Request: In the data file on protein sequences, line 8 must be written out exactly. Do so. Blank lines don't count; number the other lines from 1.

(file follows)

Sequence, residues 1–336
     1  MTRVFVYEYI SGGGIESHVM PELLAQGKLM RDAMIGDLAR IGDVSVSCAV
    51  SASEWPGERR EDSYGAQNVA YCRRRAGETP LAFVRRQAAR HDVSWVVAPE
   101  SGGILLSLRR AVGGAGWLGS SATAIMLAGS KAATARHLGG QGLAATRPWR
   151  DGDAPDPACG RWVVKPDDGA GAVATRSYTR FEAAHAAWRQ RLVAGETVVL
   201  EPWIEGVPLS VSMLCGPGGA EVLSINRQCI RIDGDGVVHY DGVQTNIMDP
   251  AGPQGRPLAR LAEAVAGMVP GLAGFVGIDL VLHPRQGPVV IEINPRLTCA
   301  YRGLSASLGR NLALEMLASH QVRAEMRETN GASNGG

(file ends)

   301  YRGLSASLGR NLALEMLASH QVRAEMRETN GASNGG